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FAR-flung 1102

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  1. I'm not convinced this is a small matter. Indemnification is only a part of the larger issue the Federal Government has with routine terms of Commercial Supplier Agreements, Terms of Service, EULAs and other like terms usually found in online agreements. In 2015 GSA identified 15 common terms it takes exception to as incompatible with federal law, below is the initial action taken (Class Deviation) and the below that the 2018 Final Rule. https://www.google.com/url?sa=t&source=web&rct=j&url=https://www.gsa.gov/cdnstatic/insite/MV-15-03.pdf&ved=2ahUKEwiXrtup6ZfwAhU9ITQIHQFEA
  2. For reference see https://www.acq.osd.mil/dpap/cpic/cp/docs/New_Contractor_Manpower_Memo_16_Oct_2019.pdf which explains the threshold change, reporting criteria and mentions that further implementing guidance, a DFARS rule and contract clause implementing the change from ECMRA to SAM are all in the works.
  3. Implement a standard practice where the unsuccessful protestor pays the reasonable proximate costs incurred. No settlement fee in advance. Hand the filer a good faith estimate of the potential cost to them (and likelihood) of various outcomes, then they decide their course of action....
  4. How about this what if: "I'm going to a training conference in two months...registration is expected to fill up a month before the conference. Can I pay the registration fee via GPC? I have a travel card, but don't expect to get orders until a few days before I travel."
  5. Government Purchase Card is an interesting subset for two reasons: 1) Coordinators receive a high volume of questions from users who are not Contract Specialists and 2) Many of those users find themselves facing edge cases not readily resolved by their established procedures or by their reading of the regulation.
  6. Have you checked with Watson? https://www.washingtonpost.com/business/economy/the-pentagons-procurement-system-is-so-broken-they-are-calling-on-watson/2016/03/18/a6891158-ec6a-11e5-a6f3-21ccdbc5f74e_story.html
  7. Motorcity, The nature of the risk boils down to what economists term an "Agency" problem. Checks placed on what is sometimes called in DoD a government support contractor (what you termed the third party contractor) can be effective or if unaddressed, the risk can turn out to be a huge blind spot attracting opportunistic unethical behavior. These checks include many tools and they are not all found in one place or wielded by one individual. Organizational Conflicts of Interest, Non Disclosure Agreements, and Contractor identification are three of the more obvious aspects to consider.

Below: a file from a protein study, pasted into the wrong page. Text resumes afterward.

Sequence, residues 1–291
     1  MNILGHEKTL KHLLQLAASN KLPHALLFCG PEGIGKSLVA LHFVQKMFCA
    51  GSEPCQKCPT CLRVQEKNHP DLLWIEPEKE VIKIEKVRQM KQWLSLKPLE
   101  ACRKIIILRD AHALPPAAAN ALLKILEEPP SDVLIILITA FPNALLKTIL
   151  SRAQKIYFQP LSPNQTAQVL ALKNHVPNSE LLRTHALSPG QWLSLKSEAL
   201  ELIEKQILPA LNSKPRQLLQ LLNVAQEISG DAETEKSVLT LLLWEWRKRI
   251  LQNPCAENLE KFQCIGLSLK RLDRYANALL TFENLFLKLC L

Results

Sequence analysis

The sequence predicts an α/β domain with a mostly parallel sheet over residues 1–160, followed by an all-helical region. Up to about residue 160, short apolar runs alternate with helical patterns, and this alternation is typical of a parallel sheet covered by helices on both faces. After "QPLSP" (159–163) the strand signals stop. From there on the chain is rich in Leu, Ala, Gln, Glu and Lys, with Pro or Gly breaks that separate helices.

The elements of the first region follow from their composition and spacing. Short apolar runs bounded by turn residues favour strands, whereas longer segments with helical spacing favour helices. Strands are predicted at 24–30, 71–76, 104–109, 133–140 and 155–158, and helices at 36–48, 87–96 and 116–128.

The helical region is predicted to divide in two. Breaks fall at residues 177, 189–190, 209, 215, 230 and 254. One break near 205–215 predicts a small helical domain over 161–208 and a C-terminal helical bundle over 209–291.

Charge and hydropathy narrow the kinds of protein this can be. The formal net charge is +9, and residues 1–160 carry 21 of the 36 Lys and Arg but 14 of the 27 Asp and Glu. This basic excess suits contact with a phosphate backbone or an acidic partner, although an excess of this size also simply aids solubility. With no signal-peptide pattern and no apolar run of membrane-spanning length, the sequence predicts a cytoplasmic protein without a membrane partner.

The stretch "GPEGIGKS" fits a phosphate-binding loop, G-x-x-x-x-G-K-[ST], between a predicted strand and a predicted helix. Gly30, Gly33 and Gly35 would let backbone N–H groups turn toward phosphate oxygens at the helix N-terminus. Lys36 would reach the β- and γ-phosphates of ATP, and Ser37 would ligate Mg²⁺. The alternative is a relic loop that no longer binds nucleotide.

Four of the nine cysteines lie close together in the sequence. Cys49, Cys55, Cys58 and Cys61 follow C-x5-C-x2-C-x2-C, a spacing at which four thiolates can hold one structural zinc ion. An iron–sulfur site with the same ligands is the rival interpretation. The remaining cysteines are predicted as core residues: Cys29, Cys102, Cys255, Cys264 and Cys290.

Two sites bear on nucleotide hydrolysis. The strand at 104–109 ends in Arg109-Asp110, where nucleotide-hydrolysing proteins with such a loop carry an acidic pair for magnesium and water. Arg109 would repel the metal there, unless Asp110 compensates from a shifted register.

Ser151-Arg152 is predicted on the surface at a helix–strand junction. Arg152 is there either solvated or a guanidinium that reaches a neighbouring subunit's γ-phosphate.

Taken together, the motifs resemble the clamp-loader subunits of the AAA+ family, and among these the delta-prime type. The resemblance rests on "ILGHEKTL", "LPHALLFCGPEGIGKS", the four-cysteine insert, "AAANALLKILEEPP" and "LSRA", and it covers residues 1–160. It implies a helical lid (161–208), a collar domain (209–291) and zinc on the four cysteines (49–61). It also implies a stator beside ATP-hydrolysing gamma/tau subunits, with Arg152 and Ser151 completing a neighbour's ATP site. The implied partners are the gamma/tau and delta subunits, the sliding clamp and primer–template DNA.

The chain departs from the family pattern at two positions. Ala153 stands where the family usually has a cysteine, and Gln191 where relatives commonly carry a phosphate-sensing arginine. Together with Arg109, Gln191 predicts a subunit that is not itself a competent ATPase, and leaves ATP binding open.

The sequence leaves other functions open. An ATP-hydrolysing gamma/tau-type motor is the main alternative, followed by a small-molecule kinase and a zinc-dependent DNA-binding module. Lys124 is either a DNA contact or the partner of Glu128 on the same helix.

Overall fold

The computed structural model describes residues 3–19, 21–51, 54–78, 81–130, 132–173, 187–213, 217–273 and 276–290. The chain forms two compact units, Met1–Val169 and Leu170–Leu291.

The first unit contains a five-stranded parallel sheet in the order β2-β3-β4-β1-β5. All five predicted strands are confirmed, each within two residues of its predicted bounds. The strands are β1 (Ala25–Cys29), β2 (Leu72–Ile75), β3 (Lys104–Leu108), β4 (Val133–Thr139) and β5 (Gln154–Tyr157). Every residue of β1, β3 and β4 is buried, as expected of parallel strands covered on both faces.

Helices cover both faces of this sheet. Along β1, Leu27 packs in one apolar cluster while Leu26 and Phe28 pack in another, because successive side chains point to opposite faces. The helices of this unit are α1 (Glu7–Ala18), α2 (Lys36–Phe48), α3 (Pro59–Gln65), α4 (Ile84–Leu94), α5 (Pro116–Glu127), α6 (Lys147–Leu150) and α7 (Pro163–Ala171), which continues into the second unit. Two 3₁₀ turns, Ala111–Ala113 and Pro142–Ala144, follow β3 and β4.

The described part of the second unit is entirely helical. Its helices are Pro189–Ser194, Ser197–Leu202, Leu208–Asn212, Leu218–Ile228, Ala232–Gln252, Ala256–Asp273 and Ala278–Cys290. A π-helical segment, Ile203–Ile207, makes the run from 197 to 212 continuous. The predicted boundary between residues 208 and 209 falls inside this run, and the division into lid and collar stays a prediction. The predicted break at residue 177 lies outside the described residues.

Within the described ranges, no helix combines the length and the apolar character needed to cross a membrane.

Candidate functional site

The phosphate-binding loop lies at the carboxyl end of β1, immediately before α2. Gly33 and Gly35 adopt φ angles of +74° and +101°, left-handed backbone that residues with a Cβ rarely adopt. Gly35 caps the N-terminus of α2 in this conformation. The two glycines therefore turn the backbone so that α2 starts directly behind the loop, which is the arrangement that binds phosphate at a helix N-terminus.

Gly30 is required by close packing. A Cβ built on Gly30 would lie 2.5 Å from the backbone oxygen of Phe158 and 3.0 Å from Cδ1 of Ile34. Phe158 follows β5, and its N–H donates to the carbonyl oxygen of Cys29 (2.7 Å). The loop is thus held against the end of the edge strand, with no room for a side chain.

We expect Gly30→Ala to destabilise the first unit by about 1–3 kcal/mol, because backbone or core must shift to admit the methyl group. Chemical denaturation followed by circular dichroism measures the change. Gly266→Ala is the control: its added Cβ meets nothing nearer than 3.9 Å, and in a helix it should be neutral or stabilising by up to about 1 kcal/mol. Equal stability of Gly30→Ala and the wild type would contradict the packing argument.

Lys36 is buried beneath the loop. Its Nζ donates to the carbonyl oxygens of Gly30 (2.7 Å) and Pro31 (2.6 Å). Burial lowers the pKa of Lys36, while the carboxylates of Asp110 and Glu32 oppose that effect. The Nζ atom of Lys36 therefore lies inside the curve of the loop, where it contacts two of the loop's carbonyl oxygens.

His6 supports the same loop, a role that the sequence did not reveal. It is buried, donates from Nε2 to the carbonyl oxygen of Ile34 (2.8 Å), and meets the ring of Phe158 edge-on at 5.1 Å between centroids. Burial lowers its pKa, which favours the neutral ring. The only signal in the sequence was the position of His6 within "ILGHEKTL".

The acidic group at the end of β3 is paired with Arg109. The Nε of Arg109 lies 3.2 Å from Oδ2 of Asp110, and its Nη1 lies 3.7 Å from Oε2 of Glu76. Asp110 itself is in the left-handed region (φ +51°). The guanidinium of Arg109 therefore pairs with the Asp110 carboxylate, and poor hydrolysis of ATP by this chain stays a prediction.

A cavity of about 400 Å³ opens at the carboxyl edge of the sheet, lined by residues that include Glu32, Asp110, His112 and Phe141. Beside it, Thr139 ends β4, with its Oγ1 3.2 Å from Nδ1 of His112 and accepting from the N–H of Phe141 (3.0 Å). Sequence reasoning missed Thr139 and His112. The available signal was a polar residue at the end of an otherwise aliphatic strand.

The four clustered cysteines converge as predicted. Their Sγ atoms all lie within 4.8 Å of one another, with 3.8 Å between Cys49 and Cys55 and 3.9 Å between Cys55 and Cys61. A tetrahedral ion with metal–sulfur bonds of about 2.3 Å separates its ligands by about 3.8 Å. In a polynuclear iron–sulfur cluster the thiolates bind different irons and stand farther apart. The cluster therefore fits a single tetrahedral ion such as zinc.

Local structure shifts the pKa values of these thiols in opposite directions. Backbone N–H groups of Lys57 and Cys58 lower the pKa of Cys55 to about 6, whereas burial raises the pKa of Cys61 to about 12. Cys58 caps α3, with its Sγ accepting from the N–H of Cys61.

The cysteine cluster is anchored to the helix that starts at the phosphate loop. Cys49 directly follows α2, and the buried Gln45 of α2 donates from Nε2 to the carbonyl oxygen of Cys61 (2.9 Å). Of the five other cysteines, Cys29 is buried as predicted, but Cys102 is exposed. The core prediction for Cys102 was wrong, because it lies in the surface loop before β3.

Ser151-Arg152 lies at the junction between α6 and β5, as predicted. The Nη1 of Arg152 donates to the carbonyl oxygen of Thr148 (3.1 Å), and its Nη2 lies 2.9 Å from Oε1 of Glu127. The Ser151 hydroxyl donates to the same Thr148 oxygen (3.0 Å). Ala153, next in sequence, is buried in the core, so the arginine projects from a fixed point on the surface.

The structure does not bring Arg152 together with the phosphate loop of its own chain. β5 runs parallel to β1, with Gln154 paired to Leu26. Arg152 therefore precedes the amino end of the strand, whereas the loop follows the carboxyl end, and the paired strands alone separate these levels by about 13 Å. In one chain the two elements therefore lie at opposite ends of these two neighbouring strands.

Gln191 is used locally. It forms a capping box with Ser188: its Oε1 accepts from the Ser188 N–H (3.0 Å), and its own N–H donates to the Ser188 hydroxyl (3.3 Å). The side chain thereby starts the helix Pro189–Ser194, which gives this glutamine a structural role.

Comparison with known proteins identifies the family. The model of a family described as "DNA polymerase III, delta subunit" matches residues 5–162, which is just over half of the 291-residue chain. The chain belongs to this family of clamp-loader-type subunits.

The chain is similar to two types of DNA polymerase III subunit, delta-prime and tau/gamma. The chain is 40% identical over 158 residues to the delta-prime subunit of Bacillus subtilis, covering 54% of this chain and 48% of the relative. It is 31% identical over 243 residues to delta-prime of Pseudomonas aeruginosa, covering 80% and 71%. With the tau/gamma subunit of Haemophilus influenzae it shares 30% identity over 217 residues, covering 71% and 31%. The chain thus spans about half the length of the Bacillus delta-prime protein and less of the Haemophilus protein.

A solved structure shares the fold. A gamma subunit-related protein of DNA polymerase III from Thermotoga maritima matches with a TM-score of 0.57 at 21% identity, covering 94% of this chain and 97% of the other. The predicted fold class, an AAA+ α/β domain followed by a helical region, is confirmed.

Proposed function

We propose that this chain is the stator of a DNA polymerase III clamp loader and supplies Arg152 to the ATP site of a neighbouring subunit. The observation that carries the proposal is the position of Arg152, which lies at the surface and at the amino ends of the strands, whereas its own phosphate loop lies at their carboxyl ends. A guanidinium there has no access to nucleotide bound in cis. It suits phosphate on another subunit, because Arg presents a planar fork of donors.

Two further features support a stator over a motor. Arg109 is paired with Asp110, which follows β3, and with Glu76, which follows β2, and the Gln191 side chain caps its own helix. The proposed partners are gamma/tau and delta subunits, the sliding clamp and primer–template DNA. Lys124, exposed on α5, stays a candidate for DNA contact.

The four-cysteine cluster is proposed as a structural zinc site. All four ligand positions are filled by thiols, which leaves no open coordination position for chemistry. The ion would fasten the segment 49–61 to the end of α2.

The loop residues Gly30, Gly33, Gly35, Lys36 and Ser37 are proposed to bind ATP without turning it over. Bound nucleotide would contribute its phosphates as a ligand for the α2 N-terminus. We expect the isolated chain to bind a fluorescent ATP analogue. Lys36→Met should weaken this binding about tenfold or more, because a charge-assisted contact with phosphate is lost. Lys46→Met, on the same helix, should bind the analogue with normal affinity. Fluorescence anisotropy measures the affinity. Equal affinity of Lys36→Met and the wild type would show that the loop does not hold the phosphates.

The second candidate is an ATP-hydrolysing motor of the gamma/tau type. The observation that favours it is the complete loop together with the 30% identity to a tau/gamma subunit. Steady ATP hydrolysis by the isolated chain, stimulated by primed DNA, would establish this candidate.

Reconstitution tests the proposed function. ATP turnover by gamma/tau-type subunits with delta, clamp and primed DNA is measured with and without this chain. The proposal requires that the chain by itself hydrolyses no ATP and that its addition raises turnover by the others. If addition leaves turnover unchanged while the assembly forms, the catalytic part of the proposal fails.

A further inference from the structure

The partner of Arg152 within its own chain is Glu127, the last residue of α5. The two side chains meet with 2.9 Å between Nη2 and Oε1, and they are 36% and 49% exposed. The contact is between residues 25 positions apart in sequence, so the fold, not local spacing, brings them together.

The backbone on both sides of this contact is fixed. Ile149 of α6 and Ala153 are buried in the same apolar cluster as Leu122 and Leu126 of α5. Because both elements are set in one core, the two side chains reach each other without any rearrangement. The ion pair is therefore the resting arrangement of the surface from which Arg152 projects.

8. In a minor aside, I find that FAR 1.108-c is the subject of yet another disagreement in meaning. It has led me to question whether most folks accept the plain meaning of "all options" in FAR 1.108(c.). Who here is sure to include the value ascribed to the FAR 52.217-8 Option to Extend Services, when present, in determining the threshold value? If that's not what you do in practice, then why not?
  9. https://www.gao.gov/mobile/legal/appropriations-law-decisions/resources...Scroll down to find links to ADA Reports for recent years.
  10. Ji20874, don't count on the status quo remaining...Congress has already enacted legislation calling upon DoD to implement a preference for acquisition of commercial construction services...What do you think can/will change? See DFARS Open Case 2019-D034...https://www.acq.osd.mil/dpap/dars/case_status.html
  11. So, what are your recommendations...In unilaterally establishing the new delivery date what mod authority might the Government cite?
  12. ...since the the JTR rather plainly states in its introduction that it does not apply to contractors (other than personal services) don't forget to look first to the contract for the language that establishes some relationship to the JTR (e.g., "at rates not to exceed those set forth in the JTR", or alternatively, "at rates consistent with the limits at FAR 31.205-46").
  13. If commercial, look also for the standard commercial offer instruction at FAR 52.212-1 (e): "Multiple offers. Offerors are encouraged to submit multiple offers presenting alternative terms and conditions, including alternative line items (provided that the alternative line items are consistent with subpart 4.10 of the Federal Acquisition Regulation), or alternative commercial items for satisfying the requirements of this solicitation. Each offer submitted will be evaluated separately."
  14. A Note About Terms: FAR Part 13 does not use the term "Sole Source" to refer to single source acquisitions at or below the Simplified Acqusition Threshold (SAT). FAR Subpart 13.5 does use the term "Sole Source" to refer to single source acquisitions using Simplified Acquisition Procedures above the SAT.
  15. Further discussion of ODCs (based on the observation that an ODC is not a deliverable and why under the FAR that matters) and Vern Edward's topical remarks see:
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